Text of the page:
Wednesday, January 6, 2010

Manchester City's financial records released

And boy do they look good!

You can read the full article on the Official Site, but here's the important bits:

Turnover for the year ended 31st May 2009 increased by 6% to £87.0m (2008:£82.3m), with this increase being offset by a significant increase in operating expenses to £121.2m (2008: £83.9m) primarily driven by increased playing staff costs.

This resulted in a Net Operating Loss of £34.2m (2008: £1.6m) and a Net Loss for the Year after amortisation of player contracts and financing charges of £92.6m (2008: £32.6m).

Match day attendances were up to 42,890 from an average of 42,081 in the previous season, with ticketing revenues ahead by £1.8m mainly as a result of the extended UEFA Cup run. TV Revenues were up 12% to £48.3m mainly as a result of UEFA cup performance, offset partially by a lower league placing than in the previous year.

Revenues from other commercial activities decreased by 8% to £23.3m mainly due to a £4.5m reduction in events revenues, primarily as a result of having no events based activities in the 08/09 season, whereas in the prior year the Stadium held the UEFA Cup Final as well as music concerts and a major boxing event.

Costs relating to amortisation of player contracts increased in the year, rising to £39.4m from £25.4m in the previous year and reflecting again the costs of building a new young playing squad. Interest payable and similar charges increased significantly as a result of the increased level of shareholder loans made to the business during the year.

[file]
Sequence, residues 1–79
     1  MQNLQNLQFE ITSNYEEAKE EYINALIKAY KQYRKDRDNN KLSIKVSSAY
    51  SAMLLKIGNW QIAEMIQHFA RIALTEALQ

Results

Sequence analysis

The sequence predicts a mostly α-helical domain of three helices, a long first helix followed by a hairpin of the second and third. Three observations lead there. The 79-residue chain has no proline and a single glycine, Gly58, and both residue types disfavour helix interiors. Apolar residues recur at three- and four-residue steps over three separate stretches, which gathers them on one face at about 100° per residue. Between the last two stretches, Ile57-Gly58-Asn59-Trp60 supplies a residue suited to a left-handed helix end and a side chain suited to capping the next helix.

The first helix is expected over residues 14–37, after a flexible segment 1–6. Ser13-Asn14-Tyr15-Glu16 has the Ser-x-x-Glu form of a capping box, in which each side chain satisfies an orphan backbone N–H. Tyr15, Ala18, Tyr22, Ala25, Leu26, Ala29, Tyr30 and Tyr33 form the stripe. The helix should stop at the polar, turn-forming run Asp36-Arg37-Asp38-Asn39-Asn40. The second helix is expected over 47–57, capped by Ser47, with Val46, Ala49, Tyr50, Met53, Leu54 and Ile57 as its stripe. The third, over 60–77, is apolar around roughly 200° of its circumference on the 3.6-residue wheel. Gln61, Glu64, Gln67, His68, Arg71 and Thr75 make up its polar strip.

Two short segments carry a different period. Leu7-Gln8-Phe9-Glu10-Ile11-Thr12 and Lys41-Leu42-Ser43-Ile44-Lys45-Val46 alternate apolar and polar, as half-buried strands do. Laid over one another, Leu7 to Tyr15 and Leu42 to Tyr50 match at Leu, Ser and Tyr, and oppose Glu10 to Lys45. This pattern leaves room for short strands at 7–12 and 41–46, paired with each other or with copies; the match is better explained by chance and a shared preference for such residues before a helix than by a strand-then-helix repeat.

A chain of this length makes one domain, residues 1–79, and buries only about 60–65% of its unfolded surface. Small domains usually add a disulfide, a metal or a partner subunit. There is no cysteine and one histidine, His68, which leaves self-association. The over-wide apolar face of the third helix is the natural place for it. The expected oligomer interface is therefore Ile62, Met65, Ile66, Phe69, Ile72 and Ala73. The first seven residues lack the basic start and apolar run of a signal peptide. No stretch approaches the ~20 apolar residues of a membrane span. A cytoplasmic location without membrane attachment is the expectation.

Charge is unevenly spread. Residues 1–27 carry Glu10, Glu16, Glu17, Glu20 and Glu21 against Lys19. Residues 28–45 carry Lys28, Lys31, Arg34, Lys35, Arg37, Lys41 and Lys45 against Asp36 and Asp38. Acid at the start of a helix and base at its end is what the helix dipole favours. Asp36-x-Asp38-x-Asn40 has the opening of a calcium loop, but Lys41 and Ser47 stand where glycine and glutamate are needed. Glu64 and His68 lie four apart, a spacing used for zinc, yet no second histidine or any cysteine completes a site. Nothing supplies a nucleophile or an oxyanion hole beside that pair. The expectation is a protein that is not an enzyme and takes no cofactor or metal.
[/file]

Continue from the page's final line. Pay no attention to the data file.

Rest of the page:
Manchester City also confirmed today that subsequent to the end of the financial year, it has restructured its Balance Sheet with owner Sheikh Mansour converting all of his existing £304.9m shareholder loans made to the Club into equity. Sheikh Mansour has also purchased further shares to a value of £89.6m as a measure of his long term commitment to the Club.

So what this essentially means is we outlaid £92.6m more than we could make back. Considering the amount of money spent on transfers and wages, it's not too bad — and it's not that much more than the compound interest the Rags have to pay off every year just to stay afloat!

And the last sentence here is the most pertinent. We officially owe Sheikh Mansour nothing (except a shitload of gratitude). Every penny he has spent on the club in 'loans' has been converted to equity. So he just buys more and more shares, although he owns practically 100% anyway.

This is in contrast to the financial cluster-fuck of other clubs such as Portsmouth, West Ham, and Notts County, who are somehow owned by skint billionaires. We really are blessed to in such safe hands, for not just the short-term, but for the foreseeable future.

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